If I were a Republican political strategist, this morning's first quarter GDP numbers -- a wimpy 1.3 percent-- would have me reaching for the whiskey bottle. Sure, the presidential election is still 19 months away, but that just gives the economy all the time it needs to sink into a real quagmire. The housing bust is taking its toll, and the bottom has yet to be sighted.
That being said, there has been some good economic news in the last couple of weeks, so it isn't all doom and gloom. But here's the key thing to watch.
On Thursday, the Wall Street Journal reported that the amount American homeowners owe on their home equity lines of credit had declined over the last six months, to $561 billion at the end of March. That's the first such decline since 1999.
During the housing boom, demand for home-equity lines of credit climbed sharply as property values rose, interest rates fell and lenders made it easy for borrowers to tap their equity for everything from home improvements to vacations. Borrowing against home equity freed up roughly $187 billion in cash per year between 2001 and 2005 that was used to pay off other debts and for new spending, according to a recent paper by former Federal Reserve Chairman Alan Greenspan and Fed economist James Kennedy.
Now, the slowdown in home-equity borrowing is leading to weaker sales in some markets for autos, building materials and electronics, says Mark Zandi, chief economist of Economy.com.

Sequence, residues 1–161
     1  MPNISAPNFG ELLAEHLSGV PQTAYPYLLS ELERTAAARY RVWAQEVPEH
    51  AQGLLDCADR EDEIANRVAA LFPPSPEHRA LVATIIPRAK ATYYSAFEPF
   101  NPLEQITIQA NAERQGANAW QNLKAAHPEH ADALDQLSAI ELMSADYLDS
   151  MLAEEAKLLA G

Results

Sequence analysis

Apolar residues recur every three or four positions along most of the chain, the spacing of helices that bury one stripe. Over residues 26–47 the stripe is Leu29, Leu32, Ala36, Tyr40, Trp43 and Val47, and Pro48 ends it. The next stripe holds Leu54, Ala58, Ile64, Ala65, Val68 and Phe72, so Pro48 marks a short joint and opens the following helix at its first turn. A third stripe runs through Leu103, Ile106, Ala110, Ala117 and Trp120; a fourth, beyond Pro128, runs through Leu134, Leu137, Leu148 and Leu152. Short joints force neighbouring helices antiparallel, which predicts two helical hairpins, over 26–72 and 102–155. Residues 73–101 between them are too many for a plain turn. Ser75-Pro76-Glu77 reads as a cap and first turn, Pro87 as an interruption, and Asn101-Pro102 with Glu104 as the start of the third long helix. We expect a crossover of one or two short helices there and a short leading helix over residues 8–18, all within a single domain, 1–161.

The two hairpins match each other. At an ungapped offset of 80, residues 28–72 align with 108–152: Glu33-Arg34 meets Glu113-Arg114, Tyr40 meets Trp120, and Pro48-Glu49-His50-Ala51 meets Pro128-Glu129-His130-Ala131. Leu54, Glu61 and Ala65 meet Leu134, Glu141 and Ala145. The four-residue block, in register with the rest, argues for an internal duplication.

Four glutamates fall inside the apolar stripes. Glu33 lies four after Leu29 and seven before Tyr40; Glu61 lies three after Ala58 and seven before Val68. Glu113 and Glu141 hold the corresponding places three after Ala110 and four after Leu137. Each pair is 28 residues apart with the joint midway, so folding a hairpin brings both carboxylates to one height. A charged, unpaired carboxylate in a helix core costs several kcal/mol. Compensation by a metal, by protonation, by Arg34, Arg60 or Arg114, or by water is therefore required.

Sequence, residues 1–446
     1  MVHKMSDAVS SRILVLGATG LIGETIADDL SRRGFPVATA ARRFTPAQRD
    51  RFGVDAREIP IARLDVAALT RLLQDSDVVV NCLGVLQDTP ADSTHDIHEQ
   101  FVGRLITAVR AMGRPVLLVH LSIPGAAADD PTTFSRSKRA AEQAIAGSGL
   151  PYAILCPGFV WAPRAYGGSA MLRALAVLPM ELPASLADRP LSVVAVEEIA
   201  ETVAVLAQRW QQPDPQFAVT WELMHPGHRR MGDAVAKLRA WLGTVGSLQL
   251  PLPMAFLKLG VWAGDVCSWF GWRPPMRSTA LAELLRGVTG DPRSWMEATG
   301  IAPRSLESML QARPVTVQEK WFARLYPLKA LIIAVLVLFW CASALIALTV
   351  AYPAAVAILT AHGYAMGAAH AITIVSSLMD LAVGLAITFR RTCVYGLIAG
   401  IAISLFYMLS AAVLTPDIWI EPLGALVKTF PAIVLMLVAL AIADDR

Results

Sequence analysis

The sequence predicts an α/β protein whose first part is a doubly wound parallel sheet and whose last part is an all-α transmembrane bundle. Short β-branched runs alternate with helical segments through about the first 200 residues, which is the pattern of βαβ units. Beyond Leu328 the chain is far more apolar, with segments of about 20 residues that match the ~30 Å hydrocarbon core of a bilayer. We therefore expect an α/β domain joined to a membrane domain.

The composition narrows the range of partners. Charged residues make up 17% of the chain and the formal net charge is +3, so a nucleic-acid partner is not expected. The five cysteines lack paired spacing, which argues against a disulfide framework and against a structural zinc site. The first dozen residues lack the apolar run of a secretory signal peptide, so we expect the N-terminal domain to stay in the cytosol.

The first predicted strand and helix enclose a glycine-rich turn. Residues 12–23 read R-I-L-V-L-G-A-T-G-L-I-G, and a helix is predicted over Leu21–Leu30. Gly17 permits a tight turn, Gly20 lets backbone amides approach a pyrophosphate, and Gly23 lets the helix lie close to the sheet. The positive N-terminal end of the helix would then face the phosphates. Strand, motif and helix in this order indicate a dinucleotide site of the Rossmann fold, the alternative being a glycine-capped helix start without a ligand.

As noted in How the World Works at least once a week for the previous year, American consumer spending keeps the global economy chugging along. And for this millennium, at least, the appreciation in value of American homes has provided a substantial portion of the cash for that spending.
Now come the new GDP data. And to James Picerno at the Capital Spectator, the figures for personal consumer expenditures are the numbers to watch.
There's no reason to panic, yet: Personal consumer expenditures rose by 3.8 percent in the first quarter of 2007, which isn't too shabby. But that's still down from 4.2 percent growth in the fourth quarter of 2006. If you've been looking for a trend line to keep tabs on, this might be the one.
(And if you're wondering what consumers are no longer shelling out bucks for, Barry Ritholtz at the Big Picture has an amusing roundup. For example: if you're in the market for a thoroughbred horse, now might be the time to buy -- auction prices are in decline.)